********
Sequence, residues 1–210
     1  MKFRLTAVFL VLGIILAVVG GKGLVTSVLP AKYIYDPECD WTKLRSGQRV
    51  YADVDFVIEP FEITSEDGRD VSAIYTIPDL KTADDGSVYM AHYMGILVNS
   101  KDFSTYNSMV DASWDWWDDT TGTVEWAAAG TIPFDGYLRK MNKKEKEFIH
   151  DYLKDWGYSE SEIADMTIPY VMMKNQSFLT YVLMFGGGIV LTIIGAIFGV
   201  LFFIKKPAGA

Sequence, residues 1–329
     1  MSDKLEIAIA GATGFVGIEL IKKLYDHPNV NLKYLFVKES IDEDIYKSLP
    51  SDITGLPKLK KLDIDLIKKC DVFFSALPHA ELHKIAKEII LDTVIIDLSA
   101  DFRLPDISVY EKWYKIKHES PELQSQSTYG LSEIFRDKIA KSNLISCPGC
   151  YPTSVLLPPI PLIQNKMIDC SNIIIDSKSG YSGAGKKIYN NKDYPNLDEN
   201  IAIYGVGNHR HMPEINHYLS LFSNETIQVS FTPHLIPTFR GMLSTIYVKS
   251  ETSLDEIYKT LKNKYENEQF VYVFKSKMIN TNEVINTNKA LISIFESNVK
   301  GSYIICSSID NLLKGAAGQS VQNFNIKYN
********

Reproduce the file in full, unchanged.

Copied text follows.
Sequence, residues 1–210
     1  MKFRLTAVFL VLGIILAVVG GKGLVTSVLP AKYIYDPECD WTKLRSGQRV
    51  YADVDFVIEP FEITSEDGRD VSAIYTIPDL KTADDGSVYM AHYMGILVNS
   101  KDFSTYNSMV DASWDWWDDT TGTVEWAAAG TIPFDGYLRK MNKKEKEFIH
   151  DYLKDWGYSE SEIADMTIPY VMMKNQSFLT YVLMFGGGIV LTIIGAIFGV
   201  LFFIKKPAGA

Sequence, residues 1–329
     1  MSDKLEIAIA GATGFVGIEL IKKLYDHPNV NLKYLFVKES IDEDIYKSLP
    51  SDITGLPKLK KLDIDLIKKC DVFFSALPHA ELHKIAKEII LDTVIIDLSA
   101  DFRLPDISVY EKWYKIKHES PELQSQSTYG LSEIFRDKIA KSNLISCPGC
   151  YPTSVLLPPI PLIQNKMIDC SNIIIDSKSG YSGAGKKIYN NKDYPNLDEN
   201  IAIYGVGNHR HMPEINHYLS LFSNETIQVS FTPHLIPTFR GMLSTIYVKS
   251  ETSLDEIYKT LKNKYENEQF VYVFKSKMIN TNEVINTNKA LISIFESNVK
   301  GSYIICSSID NLLKGAAGQS VQNFNIKYN